But, while death is a certain event in our life, the day and the hour of our death remains unknown. As the day of the Second Coming of the Lord "will come like a thief in the night"" ( I Thess. 5:2), so also, in a similar way will the death of each one come at an unknown time. For the hour of death "imitates that Second Coming because it is similar and related to it". That which the Coming of the Lord will do suddenly and at once, the day of death will do in part. Consequently, the end of life of each one of us is "an image of the end", and one would not be wrong to call death the end, the end of the present time of the world. This is why Saint John Chrysostom says that a man, who is inordinately concerned about when the end of the world will come: "Why do you concern yourself inordinately and why do you agonize over the common end? Is not death of each person the end of the present life of the present life of the world?"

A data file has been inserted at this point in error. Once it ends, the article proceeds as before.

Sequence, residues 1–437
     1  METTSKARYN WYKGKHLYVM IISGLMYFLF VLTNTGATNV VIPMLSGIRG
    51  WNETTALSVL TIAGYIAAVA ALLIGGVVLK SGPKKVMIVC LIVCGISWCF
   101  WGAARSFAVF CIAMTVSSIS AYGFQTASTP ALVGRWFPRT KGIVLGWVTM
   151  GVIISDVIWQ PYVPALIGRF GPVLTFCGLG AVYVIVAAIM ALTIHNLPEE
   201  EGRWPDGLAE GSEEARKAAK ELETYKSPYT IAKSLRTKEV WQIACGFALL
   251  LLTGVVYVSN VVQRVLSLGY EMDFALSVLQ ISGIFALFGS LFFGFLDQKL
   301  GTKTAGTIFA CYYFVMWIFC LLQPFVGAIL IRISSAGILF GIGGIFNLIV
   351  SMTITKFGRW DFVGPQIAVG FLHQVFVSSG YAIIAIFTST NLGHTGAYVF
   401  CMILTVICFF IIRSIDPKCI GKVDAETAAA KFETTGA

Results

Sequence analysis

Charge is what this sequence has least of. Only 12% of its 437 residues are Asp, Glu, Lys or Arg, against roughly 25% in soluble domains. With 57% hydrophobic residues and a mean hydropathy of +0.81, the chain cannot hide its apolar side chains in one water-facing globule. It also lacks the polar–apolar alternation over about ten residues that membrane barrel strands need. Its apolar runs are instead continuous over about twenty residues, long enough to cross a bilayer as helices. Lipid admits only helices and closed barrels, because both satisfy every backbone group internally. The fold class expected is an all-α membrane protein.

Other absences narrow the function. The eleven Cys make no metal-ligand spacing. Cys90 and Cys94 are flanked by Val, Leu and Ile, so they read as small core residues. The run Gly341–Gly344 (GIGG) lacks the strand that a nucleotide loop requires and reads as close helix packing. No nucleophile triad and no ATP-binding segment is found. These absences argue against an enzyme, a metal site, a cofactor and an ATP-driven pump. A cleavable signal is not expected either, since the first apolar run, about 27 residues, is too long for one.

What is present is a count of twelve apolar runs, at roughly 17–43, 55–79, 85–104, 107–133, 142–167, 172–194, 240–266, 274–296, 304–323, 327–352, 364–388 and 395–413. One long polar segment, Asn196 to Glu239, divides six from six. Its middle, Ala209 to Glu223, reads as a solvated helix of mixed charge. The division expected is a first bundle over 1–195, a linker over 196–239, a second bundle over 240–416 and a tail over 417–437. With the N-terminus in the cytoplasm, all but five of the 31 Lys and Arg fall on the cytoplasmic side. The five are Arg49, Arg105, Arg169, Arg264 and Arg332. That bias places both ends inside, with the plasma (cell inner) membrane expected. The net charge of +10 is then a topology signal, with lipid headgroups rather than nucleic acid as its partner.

Basically, we all live under the threat of the sudden coming of death. Death is not only "the impersonal extortioner of the human race"; it is also impudent, for it comes uninvited. It comes as "an unflatterable executioner", who sends no previous message. Death comes as the enemy who sets up a trap on the road of "the traveler, who journeys in both worlds", that is, man. There are times of course when death sends us some warnings, such as for example, an incurable disease; and there are times when death is invited by man himself! But the most desirable approach of death is that of suddenness! No one then really knows if he will reach the next day or even the next hour. This life holds for us the most unexpected and unusual events. You see death one day snatching the elder and tomorrow the graceful teenager, who is at the blossoming of youth.